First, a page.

A Southdown Farm in the 1860’s


A Charming Memoir of a Rural Childhood in the 1860s

Explore the pastoral charm of rural 19th century England with "A Southdown Farm in the 1860’s" by Maude Robinson. Born in 1859 at Saddlescombe on a 900-acre farm owned by father, Martin Robinson, Maude wrote an account of her idyllic childhood that appeared in Sussex County Magazine in 1935.

A South Down Farm in the Sixties was issued by J.M. Dent in 1938. The book offers unique insights into agricultural practices of the time and the reality of home life on a secluded farm of that era. In 1872 Maude Robinson went to a private boarding school at Lewes. Maude's experiences at a private boarding school in Lewes in 1872 with Spartan routines but kind mistresses shaped her education. One by one the older Robinson children moved away from Saddlescombe until, after the death of her parents, only Ernest, who ran the farm, and Maude remained. Both of them loved the downland and took an interest in its wildlife.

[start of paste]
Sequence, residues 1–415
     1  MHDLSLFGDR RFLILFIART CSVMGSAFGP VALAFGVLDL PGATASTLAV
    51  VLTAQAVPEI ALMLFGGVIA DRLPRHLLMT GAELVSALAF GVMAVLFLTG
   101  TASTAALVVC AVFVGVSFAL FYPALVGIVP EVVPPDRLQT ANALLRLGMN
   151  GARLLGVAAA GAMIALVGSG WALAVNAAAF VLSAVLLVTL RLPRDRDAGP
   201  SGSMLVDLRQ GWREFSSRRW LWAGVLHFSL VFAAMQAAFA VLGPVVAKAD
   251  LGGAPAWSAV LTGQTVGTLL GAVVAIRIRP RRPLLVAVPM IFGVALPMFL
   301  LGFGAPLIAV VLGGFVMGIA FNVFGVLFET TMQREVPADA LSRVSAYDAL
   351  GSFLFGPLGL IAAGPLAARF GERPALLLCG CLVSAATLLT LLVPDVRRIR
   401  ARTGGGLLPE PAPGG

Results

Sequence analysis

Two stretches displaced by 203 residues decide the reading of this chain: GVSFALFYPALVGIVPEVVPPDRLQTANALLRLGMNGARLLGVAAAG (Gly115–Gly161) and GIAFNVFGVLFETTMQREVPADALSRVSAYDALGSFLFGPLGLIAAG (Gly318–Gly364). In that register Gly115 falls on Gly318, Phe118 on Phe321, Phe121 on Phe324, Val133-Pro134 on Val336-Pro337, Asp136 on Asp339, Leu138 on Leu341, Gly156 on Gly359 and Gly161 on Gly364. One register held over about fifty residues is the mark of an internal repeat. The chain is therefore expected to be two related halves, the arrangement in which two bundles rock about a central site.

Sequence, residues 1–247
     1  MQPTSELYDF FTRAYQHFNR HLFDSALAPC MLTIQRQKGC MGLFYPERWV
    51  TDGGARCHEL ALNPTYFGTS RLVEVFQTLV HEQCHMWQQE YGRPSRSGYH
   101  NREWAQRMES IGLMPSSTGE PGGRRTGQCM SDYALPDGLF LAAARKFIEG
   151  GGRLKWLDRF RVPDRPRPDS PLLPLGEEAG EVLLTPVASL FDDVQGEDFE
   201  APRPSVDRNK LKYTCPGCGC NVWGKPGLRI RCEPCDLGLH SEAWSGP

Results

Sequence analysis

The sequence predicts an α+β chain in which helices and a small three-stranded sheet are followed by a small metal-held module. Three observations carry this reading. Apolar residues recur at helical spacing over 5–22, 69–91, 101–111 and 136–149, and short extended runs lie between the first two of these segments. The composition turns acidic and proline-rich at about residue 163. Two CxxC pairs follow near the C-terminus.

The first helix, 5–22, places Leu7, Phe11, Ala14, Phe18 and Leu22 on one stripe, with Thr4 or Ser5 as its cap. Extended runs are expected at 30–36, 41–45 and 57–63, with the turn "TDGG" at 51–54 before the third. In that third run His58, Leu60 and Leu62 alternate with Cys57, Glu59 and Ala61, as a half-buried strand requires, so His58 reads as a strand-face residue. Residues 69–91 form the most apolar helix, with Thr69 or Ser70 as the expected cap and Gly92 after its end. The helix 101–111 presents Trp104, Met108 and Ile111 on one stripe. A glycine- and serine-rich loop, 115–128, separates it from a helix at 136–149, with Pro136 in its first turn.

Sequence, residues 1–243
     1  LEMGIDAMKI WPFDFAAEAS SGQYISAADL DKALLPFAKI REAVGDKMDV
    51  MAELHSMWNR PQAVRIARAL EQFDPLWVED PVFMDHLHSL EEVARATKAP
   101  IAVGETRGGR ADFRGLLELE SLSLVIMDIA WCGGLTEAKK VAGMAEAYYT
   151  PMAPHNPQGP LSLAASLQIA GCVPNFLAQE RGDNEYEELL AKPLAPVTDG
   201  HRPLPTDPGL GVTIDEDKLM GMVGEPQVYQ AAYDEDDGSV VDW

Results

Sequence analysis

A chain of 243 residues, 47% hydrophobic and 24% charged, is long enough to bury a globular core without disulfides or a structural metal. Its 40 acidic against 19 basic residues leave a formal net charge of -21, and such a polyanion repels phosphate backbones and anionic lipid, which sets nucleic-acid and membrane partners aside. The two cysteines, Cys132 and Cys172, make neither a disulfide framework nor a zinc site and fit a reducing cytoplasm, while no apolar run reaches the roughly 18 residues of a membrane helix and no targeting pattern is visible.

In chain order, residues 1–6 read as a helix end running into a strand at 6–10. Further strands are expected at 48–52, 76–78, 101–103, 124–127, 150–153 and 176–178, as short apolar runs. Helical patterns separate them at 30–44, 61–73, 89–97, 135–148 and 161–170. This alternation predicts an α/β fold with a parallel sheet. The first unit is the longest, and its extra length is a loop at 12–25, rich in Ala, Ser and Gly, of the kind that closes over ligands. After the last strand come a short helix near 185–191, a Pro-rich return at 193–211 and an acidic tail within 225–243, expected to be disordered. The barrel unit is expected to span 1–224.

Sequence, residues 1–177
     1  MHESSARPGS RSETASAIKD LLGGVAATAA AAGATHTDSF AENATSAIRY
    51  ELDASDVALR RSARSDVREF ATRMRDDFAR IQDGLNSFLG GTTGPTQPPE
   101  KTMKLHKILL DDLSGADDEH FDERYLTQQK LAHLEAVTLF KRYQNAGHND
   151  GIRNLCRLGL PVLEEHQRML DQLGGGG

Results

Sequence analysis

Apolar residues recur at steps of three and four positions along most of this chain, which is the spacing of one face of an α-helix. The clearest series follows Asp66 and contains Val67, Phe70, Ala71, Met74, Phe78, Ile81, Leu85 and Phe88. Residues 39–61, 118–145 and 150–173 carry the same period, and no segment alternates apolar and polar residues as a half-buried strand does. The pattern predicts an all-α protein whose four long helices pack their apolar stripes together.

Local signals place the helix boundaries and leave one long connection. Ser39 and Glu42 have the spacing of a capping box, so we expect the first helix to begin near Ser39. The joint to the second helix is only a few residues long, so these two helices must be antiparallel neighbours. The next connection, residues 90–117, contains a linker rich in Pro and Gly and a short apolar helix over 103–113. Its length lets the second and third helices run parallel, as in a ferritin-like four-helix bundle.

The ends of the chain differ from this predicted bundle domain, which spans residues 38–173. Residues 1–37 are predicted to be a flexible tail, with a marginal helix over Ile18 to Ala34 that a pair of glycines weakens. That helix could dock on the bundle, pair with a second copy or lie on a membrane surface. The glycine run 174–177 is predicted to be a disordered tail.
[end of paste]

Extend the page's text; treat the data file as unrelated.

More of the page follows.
Immerse yourself in this tale of rural life and agricultural tradition with this fascinating historical account of a childhood in a charming 19th century farm.

The author, Maude Robinson, was a Quaker and also wrote several short stories, many of them describing the experiences and traditions of Quakers based on first-hand accounts.

Additional information


Maude Robinson of Saddlescombe




978 1 898941 93 4




210 x 148 mm


2004 Country Books